Kamloops & District Chamber of Commerce News

Ensuring Access to Family Medicine to Secure B.C.’s Employment Market

BACKGROUND:

More British Columbians than ever do not have access to a family physician – nearly 900,000, or 20 per cent of the province’s population.1 At this critical time, the Doctors of BC (DoBC) and the provincial government have been negotiating a new Physician Master Agreement (PMA) since January 20222, with the most recent 3-year agreement having expired in March of this year.

The government faces significant inflationary pressures as it negotiates other public sector contracts and faces personnel shortages in many different fields of health care at the same time. But access to primary health care services is a foundational issue for the health care system and the economy as a whole.

Without access to family health care services, employers across B.C. will find themselves at a significant disadvantage compared to other jurisdictions where family physicians are available and accessible. The effects of the “Great Resignation” are not necessarily evenly distributed.

Access to timely and effective primary health care will make a significant difference for all sectors of the B.C. economy when attempting to attract and retain employees – for good or for bad.

Access to family medicine is also significantly more cost effective to government than the alternatives. Each emergency room visit involves many other areas of the hospital, from diagnostic imaging and housekeeping to administration, bringing the full hospital cost of an ER visit to $304 in 2018–2019.

The regular office visit (called the 0100 fee in B.C.) for family doctors varies slightly based on the patient’s age, but the average office visit is paid by the BC government’s Medical Services Plan at $33.06 – a cost savings of nearly 90 per cent compared to an emergency room visit.

The increasing crisis in family physician access is due in large part to an antiquated compensation model for family physicians, which pays for services provided without accounting for the actual time physicians spend with their patients and the significant costs and time associated with operating their clinics and ensuring they are available to the public.

In August of this year, DoBC and the province announced a $118-million stabilization fund3 designed to help cover the business costs of family practice clinics so that their doors can remain open to patients while the new PMA is negotiated and implemented, a process that is anticipated to be complete by January 2023.

The DoBC and the province have indicated4 that the new payment model for physicians in this new PMA will contain the best of fee-for-service (FFS) and contract models, simplify billing and recognize rising business costs and the complexity of providing longitudinal care.

Compensation for physicians will be determined by a number of factors, including:

Time: Physicians would be able to bill for the time in which they provide primary care services. This would recognize the additional time that physicians spend with more complex patients and will also cover time spent on clinical administrative services.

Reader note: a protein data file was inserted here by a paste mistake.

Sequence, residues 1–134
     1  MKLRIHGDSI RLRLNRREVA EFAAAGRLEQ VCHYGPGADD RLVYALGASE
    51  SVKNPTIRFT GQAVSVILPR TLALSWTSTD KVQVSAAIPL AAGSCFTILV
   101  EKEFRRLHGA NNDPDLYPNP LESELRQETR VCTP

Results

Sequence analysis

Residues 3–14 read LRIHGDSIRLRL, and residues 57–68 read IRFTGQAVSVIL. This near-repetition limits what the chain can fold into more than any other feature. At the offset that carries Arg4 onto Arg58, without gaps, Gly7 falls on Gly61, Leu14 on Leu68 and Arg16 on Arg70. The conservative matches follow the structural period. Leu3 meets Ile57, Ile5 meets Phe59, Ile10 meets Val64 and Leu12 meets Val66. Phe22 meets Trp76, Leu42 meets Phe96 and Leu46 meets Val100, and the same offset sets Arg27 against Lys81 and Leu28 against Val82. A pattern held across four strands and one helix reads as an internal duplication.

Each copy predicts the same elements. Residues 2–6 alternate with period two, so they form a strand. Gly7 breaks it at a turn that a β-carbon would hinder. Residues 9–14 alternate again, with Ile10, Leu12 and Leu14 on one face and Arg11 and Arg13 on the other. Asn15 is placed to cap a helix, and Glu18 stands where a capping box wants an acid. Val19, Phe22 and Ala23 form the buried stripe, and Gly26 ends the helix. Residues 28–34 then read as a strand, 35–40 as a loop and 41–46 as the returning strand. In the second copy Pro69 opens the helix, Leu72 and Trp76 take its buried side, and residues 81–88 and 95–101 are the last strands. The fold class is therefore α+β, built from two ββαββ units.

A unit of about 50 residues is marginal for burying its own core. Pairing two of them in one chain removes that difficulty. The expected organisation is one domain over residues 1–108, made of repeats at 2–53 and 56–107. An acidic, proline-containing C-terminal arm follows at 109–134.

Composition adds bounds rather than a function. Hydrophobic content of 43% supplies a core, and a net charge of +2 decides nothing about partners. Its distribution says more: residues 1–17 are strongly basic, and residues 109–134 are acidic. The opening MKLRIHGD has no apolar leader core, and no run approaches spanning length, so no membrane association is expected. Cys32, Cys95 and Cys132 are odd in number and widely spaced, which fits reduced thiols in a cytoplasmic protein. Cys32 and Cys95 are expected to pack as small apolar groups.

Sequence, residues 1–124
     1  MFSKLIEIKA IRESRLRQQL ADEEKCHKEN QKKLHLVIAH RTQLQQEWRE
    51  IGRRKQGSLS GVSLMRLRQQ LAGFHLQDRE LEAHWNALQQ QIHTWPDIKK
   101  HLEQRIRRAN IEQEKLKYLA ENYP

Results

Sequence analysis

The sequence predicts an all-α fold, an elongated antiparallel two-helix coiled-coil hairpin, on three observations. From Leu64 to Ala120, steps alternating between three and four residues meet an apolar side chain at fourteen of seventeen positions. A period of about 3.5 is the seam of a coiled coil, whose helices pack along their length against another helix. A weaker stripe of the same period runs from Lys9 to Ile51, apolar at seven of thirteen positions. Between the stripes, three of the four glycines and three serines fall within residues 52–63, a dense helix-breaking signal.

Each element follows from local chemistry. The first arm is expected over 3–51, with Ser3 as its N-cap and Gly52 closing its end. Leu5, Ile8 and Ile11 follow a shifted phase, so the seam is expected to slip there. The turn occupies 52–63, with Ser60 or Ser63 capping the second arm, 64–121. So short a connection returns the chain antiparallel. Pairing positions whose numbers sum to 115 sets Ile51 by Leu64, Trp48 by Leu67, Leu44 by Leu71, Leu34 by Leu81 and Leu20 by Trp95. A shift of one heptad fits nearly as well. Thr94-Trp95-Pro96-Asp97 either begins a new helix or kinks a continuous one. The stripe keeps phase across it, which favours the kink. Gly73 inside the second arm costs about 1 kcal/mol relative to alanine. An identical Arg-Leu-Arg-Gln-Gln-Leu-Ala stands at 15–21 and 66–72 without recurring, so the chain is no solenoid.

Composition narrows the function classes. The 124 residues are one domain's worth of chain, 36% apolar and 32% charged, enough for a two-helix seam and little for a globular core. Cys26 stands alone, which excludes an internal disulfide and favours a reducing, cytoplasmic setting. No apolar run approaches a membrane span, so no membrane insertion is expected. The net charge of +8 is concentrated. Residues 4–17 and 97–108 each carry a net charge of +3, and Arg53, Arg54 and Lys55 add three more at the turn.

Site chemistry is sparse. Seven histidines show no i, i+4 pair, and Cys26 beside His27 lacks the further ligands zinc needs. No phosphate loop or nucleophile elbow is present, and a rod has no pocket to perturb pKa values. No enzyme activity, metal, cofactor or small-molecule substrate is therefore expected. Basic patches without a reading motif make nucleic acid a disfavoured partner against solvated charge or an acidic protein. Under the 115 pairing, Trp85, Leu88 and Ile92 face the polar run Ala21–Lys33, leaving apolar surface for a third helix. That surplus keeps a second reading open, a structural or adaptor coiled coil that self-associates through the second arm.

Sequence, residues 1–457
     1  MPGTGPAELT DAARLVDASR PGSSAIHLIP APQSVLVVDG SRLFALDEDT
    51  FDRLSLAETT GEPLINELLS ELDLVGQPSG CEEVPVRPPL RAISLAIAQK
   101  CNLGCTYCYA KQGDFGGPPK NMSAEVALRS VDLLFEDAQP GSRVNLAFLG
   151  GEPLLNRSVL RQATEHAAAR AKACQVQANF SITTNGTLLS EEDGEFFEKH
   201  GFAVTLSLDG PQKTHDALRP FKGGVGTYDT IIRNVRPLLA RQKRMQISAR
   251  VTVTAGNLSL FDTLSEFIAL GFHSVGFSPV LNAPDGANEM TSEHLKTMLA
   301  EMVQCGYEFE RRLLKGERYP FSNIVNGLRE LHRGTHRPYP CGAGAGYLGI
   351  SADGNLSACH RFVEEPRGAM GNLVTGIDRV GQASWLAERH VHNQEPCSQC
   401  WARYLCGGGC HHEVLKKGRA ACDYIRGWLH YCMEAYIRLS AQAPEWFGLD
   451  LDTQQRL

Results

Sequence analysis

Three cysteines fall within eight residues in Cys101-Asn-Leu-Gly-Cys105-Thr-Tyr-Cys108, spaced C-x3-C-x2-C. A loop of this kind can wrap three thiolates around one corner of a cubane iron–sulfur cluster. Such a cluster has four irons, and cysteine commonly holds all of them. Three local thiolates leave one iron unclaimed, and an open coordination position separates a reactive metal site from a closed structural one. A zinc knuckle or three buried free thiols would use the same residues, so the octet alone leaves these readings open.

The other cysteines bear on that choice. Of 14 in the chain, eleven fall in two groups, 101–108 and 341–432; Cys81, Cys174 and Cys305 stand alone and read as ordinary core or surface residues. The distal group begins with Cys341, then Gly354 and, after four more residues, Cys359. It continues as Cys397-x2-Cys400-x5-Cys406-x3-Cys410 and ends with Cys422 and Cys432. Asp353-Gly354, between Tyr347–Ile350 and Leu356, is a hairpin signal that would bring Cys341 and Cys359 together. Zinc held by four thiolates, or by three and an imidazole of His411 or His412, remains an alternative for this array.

Encounters: In addition to billing for their time, physicians would also be able to bill for each patient encounter. This will provide an incentive to offer patients greater access to primary care services.

Attachment/Complexity: In addition to billing for time and encounters, physicians will also be paid for each patient on their panel, with additional payment for patients with more complex conditions. This would provide an incentive for physicians with larger and more complex patient panels.

The principle behind this compensation model is that the total pay for a physician who works full time under this model with a full patient panel of average complexity should generate an income after business costs that is equitable with physicians practising in hospitals and clinics administered by provincial health authorities.

The Kamloops and District Chamber of Commerce recommends:

That the provincial government:

1. Ensures that a new Physician Master Agreement is in place prior to the end of the stabilization funding period;

2. Ensure that the new PMA fully and properly compensates family physicians for the time they spent dealing with patients and for the time and cost of keeping their clinics open and available to patients;

3. Prioritizes reducing the number of British Columbians without access to a family doctor.

Resources:

1 Nearly 900,000 British Columbians don’t have a family doctor, leaving walk-in clinics and ERs swamped – The Globe and Mail

2 Negotiating the Physician Master Agreement | Doctors of BC

3 Stabilization funding announced for family physicians | Doctors of BC

4 Strengthening patients’ access to primary care by supporting family doctors | BC Gov News

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The Kamloops Chamber of Commerce is situated on the traditional and unceded lands of the Tk'emlups Te Secwepemc within Secwepemc'ulucw, the traditional territory of the Secwepemc people. We are honored to live and work and play on this land and acknowledge the complicated history and humbly move forward in a spirit of collaboration and gratitude.